Culture of Life
Driven to Distraction
BY Dr. Ray Guarendi
September 21-27, 2008 Issue | Posted 9/16/08 at 11:40 AM
The big “D” — driving, as in “the car” — is coming up fast. My son has been riding me about it since he turned 15, but I’m not sure he’s ready.
As a parent of five children of driving age, and as a professional who’s learned lots from years of riding shotgun with parents, I can offer some rules of the road.
The legal age is meaningless. What matters is the child’s social and moral age. What is his level of trustworthiness? How cooperative is he? Has he been responsible in things much smaller than driving? The best indication of how a youngster will guide a car is how he’s guided his life up to this point.
I am consistently stunned by parents who green-light a license for a kid who, for years, has been difficult, disrespectful and demanding. Their attitude seems to be, “Well, she is old enough, so I guess it’s time.” Or worse, “Life will be unlivable around here until I let her.”
Never go against your better judgment because of pressure, be it from other parents, your schedule or your child. A privilege with as many features as driving needs lots of parental pondering, prudence, patience and discernment. Way too much is at stake for anything less.
Depending on your child’s situation, you may have to completely reassess your initial driving decision. You’ve judiciously weighed all the factors, and Mario is now truly “old enough” to drive. What happens if he mishandles the privilege? (He speeds, say, or stays out too late, or returns the car stinking of an awareness-altering substance.)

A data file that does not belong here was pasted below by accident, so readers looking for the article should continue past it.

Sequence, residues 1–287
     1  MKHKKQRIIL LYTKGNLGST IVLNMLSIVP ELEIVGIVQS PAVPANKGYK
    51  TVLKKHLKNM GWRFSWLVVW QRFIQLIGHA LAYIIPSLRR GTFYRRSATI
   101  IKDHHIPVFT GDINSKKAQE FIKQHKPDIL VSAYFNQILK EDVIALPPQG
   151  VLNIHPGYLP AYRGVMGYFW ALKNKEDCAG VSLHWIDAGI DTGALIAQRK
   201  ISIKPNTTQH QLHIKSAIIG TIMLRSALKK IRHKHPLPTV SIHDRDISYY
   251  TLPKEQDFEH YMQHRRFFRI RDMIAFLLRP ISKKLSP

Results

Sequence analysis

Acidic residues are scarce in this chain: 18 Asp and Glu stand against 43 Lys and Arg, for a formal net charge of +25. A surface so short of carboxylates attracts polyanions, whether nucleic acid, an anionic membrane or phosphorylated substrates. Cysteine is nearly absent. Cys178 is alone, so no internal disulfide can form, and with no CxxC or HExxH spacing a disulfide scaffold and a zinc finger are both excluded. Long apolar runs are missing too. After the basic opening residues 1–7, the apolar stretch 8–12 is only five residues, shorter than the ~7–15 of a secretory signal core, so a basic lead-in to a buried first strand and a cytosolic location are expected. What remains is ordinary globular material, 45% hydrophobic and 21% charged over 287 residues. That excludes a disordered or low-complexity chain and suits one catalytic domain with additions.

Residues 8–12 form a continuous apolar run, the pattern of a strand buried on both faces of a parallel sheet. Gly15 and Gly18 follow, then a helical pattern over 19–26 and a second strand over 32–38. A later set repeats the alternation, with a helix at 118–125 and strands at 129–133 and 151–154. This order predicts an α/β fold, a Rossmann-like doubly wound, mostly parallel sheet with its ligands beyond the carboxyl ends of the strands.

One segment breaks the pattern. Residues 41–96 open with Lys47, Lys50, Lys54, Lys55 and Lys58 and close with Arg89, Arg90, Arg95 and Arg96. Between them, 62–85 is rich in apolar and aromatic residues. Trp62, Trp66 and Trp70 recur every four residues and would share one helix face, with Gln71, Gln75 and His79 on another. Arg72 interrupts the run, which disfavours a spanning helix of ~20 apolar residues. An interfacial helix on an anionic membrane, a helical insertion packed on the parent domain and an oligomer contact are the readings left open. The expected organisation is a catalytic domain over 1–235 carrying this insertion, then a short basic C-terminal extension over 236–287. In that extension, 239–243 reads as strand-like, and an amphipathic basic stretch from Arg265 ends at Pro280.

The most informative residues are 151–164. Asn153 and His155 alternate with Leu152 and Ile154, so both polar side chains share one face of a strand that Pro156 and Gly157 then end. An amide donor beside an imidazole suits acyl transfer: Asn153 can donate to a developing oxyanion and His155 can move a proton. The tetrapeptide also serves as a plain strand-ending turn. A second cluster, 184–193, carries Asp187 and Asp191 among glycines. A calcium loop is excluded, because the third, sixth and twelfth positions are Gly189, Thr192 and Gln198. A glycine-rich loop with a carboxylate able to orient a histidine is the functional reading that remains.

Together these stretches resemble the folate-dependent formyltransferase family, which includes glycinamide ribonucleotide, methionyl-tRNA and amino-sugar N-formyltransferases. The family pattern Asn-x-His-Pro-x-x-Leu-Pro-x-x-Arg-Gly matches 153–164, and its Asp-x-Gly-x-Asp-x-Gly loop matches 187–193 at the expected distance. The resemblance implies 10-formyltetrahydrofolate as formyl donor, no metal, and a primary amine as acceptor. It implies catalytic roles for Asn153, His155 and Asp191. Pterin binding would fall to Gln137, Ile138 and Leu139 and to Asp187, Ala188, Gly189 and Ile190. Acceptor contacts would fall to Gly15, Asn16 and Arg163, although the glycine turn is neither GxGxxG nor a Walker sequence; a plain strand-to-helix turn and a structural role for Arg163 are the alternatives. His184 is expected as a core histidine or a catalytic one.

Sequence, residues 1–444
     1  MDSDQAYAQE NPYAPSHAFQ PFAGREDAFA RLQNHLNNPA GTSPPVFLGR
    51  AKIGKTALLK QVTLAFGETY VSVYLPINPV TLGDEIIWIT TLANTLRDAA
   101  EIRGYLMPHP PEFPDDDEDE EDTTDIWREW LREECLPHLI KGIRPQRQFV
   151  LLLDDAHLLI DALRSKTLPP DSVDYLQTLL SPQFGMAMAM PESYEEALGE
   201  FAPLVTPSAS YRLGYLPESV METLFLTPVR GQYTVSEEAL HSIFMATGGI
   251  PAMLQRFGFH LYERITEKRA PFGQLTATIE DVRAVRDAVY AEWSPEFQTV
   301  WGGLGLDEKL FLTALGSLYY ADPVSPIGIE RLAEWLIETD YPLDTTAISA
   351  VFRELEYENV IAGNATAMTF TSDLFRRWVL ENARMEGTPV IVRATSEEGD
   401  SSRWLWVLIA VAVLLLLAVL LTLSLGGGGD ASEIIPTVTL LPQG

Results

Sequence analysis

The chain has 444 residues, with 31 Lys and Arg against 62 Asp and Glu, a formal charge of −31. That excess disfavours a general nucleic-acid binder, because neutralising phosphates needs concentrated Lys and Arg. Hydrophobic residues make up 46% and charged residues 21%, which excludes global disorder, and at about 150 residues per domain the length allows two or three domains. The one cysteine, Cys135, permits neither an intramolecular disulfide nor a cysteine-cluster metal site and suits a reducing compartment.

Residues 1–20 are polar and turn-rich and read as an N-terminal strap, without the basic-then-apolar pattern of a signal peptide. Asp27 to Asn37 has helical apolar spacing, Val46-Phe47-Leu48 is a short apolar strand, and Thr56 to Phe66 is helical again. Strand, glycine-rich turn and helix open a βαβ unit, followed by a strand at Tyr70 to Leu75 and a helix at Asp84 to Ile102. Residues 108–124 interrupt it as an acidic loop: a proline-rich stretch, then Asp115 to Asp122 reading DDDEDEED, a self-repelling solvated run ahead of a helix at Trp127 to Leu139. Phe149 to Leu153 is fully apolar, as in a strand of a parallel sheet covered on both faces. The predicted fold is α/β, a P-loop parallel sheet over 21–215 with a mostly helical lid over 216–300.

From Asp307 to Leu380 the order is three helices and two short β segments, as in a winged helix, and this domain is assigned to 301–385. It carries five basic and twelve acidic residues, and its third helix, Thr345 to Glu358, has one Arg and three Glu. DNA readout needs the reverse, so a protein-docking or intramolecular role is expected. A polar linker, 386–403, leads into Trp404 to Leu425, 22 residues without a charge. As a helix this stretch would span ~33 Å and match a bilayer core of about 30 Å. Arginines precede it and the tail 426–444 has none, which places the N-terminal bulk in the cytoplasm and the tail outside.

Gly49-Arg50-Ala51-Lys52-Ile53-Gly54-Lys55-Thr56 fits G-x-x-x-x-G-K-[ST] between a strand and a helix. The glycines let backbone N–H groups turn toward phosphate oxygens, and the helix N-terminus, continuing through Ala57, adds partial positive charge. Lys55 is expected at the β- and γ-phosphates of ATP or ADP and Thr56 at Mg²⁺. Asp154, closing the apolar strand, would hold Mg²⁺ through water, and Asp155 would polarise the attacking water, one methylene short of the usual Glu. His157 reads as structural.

Most parents ground the kid or remove the car privilege. That’s one option, but consider another: Particularly in matters of trustworthiness or integrity, a week or two without wheels may not be enough to teach the lesson. Time-limited grounding may have to yield to open-ended supervision. Only when you feel confident in Van’s maturity does the door to driving open again.
On driver-license day, after offering congratulations, inform Edsel that this is not his permanent license, despite what the state calls it. It is still a temporary permit. It may be revoked.
A few basic “automotive tips” can guide you. Implement a “good student” discount. (Only sustained good grades lead to sustained license. Grades drop, license drops.) Gas and insurance cost money. (Household cooperation is necessary to help pay operating costs.) A clean car is a drivable car. (No explanation needed.)
Respect is a two-way street. Permission to drive is a parent’s respect for the child’s unfolding independence. A child’s respect toward the parent is a must response.
Teens, and most everyone else, view driving as more age-related than character-based. Age is the least relevant factor in this decision. In the end, it all comes down not to what year the child was born, but whether or not he has grown up.
The doctor is always in
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